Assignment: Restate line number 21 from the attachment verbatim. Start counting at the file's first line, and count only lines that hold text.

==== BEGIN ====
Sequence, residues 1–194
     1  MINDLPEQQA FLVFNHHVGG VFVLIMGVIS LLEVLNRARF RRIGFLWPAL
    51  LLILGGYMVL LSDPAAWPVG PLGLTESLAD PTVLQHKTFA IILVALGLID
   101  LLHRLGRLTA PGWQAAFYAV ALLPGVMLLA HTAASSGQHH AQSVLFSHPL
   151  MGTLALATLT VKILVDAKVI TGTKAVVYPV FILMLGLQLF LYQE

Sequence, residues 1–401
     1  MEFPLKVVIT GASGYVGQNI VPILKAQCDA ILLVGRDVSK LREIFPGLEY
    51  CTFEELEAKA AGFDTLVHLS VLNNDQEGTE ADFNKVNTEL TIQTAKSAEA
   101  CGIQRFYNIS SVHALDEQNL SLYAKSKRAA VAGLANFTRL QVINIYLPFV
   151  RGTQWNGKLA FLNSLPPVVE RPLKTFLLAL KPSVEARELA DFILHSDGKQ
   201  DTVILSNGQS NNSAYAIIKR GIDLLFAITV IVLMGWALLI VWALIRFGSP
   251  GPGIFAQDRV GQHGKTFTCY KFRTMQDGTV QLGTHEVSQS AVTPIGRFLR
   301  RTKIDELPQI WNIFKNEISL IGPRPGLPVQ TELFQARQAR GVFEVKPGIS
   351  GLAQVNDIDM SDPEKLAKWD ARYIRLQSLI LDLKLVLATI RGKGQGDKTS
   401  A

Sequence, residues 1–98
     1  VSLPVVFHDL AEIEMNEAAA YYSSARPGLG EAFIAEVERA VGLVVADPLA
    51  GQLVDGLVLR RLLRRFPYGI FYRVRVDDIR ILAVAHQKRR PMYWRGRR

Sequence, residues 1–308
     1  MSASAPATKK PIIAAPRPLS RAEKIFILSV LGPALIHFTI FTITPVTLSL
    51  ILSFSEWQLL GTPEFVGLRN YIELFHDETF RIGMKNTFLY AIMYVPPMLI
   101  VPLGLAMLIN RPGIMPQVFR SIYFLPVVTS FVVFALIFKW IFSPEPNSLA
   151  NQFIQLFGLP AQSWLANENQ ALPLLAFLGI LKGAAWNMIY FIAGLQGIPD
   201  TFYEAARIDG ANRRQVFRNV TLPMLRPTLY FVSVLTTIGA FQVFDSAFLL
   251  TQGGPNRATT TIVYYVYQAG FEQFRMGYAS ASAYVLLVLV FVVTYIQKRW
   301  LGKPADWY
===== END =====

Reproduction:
    51  ILSFSEWQLL GTPEFVGLRN YIELFHDETF RIGMKNTFLY AIMYVPPMLI